FWP approves bison relocation to 2 reservations

By Matt Volz

Associated Press

Published: Friday, Dec. 9 2011 1:01 p.m. MST

FILE - This March 17, 2011 file photo shows bison roaming outside the gate of Yellowstone National Park in Gardiner, Mont. Montana's Fish, Wildlife and Parks Commission is set to make a final decision Friday Dec. 9, 2011 on whether to transfer 68 quarantined Yellowstone bison to two Indian reservations.

Janie Osborne, File, Associated Press

Enlarge photo»

HELENA, Mont. — Montana officials on Friday approved the relocation of 68 quarantined bison from Yellowstone National Park to two Indian reservations amid intense debate over whether the animal that once populated the American West has a place on today's landscape.

The Fish, Wildlife and Parks Commission gave its permission to move the animals once agreements are negotiated with Fort Belknap and Fort Peck tribal leaders over monitoring for disease and how to prevent the animals from escaping to neighboring land. Ownership of the animals will be handed over to the tribes.

When the transfer will happen is unclear. State wildlife officials said it could happen as early as this winter.

FWP officials have said the process is a step toward finding out whether the species can be reintroduced to some public lands in Montana where they roamed free two centuries ago. The agency has met opposition at every stage from ranchers, landowners and hunters who fear the spread of disease and damage to private property.

The 68 bison are now being held in a government-run quarantine center north of Yellowstone National Park. Another 143 bison that were part of the program are being held for the state on a ranch near Bozeman owned by media mogul Ted Turner.

The quarantine program began in 2004 and sought to determine if bison could be kept free of bacteria that cause the disease brucellosis, which causes miscarriages in some pregnant animals. Ranchers are concerned bison could spread the disease to their cattle, though wildlife officials say the quarantined animals have been repeatedly tested and are disease-free.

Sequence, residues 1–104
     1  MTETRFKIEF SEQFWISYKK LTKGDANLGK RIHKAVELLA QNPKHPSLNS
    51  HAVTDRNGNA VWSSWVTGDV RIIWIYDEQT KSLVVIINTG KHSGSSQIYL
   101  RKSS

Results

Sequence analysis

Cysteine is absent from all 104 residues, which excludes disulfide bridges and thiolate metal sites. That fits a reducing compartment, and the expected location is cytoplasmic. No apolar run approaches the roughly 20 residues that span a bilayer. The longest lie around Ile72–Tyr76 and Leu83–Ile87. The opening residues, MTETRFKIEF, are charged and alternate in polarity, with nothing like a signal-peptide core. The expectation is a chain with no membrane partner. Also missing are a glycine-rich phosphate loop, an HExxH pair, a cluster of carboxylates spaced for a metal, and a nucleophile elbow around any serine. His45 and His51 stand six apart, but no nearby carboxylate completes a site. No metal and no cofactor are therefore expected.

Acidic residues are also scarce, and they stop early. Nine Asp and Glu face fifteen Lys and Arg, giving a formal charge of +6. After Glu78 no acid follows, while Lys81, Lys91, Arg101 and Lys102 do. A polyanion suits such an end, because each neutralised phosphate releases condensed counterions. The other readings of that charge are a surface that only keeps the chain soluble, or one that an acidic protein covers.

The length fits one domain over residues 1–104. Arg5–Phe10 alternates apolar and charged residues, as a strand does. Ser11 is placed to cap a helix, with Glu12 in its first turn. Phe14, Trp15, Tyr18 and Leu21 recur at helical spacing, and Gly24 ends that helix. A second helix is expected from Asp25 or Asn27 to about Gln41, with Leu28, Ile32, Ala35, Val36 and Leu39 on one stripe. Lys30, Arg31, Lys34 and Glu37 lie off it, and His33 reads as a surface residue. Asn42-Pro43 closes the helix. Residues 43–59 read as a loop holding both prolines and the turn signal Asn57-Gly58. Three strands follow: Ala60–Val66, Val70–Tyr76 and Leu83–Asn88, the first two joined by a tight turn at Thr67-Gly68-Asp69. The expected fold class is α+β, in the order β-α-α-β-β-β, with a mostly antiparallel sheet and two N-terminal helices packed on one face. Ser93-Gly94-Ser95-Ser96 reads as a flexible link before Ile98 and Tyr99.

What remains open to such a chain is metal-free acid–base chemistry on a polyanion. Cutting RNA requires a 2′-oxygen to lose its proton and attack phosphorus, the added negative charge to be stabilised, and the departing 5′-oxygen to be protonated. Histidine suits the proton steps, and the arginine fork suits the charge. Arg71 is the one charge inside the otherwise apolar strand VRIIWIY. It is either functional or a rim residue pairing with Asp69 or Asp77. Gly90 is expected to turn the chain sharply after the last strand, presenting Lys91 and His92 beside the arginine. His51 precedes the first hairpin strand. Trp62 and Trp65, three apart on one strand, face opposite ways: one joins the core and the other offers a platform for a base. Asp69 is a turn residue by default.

Gov. Brian Schweitzer wants to move at least some of the animals on Turner's ranch to the 18,500-acre National Bison Range near Moiese, but the U.S. government is resisting, citing disease concerns.

That led the governor to say earlier this month that he would block any transport of wild bison in the state in an attempt press the U.S. Department of Interior to accept his proposal to relocate the second group of Yellowstone bison.

Schweitzer later said he would not block the transfer of the 68 Yellowstone bison to the reservations.

FWP had originally considered four possible relocation sites but received an overwhelmingly negative response from residents near the Spotted Dog and Marias River wildlife management areas in southwestern and northern Montana.

Fort Peck and Fort Belknap tribal officials, on the other hand, have long said they would welcome the bison and cited their historical and cultural ties to the animals.

If the 68 bison are moved before next summer, they will likely all be held in a 4,800-acre fenced area on the Fort Peck reservation that's capable of holding 150 animals.

Fort Belknap Fish and Game director Mark Azure has said his tribe has selected a 1,900-acre area for the bison, which he hopes to have fenced and ready by next summer.

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